After a few days of my children soaking in all the information, I asked them to give me a few sentences of what they have learned. I wrote what they said in their nature notebooks and they drew/painted a picture to illustrate it. 

Dissecting and tasting apples

We cut open a few varieties of apples and using the Anatomy of an Apple printable from the Apple Unit, we separated the pieces into piles. Then we ate them and talked about how the different varieties tasted.

Real Life Experiences

What would an apple study be without some baking? This week we made apple crisp and apple pie. Children love being in the kitchen. They are gaining so much while peeling, cutting, measuring, following directions, setting the timer, and most of all, being together in a shared experience. 

Baking apple crisp

I use and love the apple crisp recipe from The Peaceful Preschool Letter A Unit

Baking apple pie

If you’re looking for a pie recipe, try this one.

Apple picking

After a full week of exploring apples, we drove over to our favorite mountaintop apple orchard and spent the day picking apples. I couldn’t think of a better way to celebrate the end of a fun study and really round off all the learning that happened.

5 thoughts on “Charlotte Mason Inspired Apple Study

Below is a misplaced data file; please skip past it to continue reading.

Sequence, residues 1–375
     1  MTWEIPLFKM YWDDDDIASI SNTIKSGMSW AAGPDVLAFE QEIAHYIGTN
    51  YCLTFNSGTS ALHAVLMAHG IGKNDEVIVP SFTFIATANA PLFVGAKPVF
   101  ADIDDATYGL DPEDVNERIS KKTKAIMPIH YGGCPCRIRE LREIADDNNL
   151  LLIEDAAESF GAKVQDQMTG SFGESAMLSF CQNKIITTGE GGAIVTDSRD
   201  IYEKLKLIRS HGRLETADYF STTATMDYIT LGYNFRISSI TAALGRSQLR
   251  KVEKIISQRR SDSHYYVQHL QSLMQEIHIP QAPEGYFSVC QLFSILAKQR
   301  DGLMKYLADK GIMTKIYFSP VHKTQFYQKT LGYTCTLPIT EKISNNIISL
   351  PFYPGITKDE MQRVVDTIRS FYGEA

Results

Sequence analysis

1. Hello and thank you for sharing this amazing Apple study. We are supposed to start our first official day of homeschool for kindergarten on Monday. And all the sudden I want to kick off with this. My daughter loves apples because we have trees at our farm that her grandfather planted. And just like last year when they get really red today she jumped and jumped Until she could get a hold of one to pick her first Apple and then she takes a big bite and says Yep it’s Apple season! Grandpa’s pride and joy at the farm where we live by the Apple tree is planted the year he purchased this phone which was also the year he married grandma which will be 60 years ago this coming July. All that to say on the first day of school my friend sold her darling Apple trust in the apples at the farm at the most beautiful red and we all a lot of these books and Wood childhood and several of the supplies we will need to pull this off last minute. Here’s my question… I’m pretty familiar with Charlotte Mason etc. and that’s what I’m choosing to do for her education. But I am wondering how long or how much time would it take to go through most of the elements in this study that you’ve put together? Clearly it’s far too much for one day. To me I’m thinking we could try to get it done in a week. The main things I’m doing this year for kindergarten are a year of tales from Wilkinson‘s nest and exploring nature with children. So I’m already set up to do tea parties on Fridays and field trips etc. we can pick apples right at the farm. And I definitely want to invite grandma to the tea party and involve the grandparents as much as we can because they are in their 80s and we’re just so lucky they’re still with us. So I guess to reiterate my main question is if I set aside the first week of homeschool to do this does that seem like a feasible amount of time. I know for a formal year when you would do form 1 it’s estimated of about 2.5 hours in the morning for formal lessons. And for kindergarten I would like to stay under that. And for her first week if we did our Bible readings and study in the morning with memory verse we can pretty much spend the rest of our time doing this and then get back to math and other stuff the next week. Thanks for any tips you can share and thanks for the fabulous and well put together inspiration!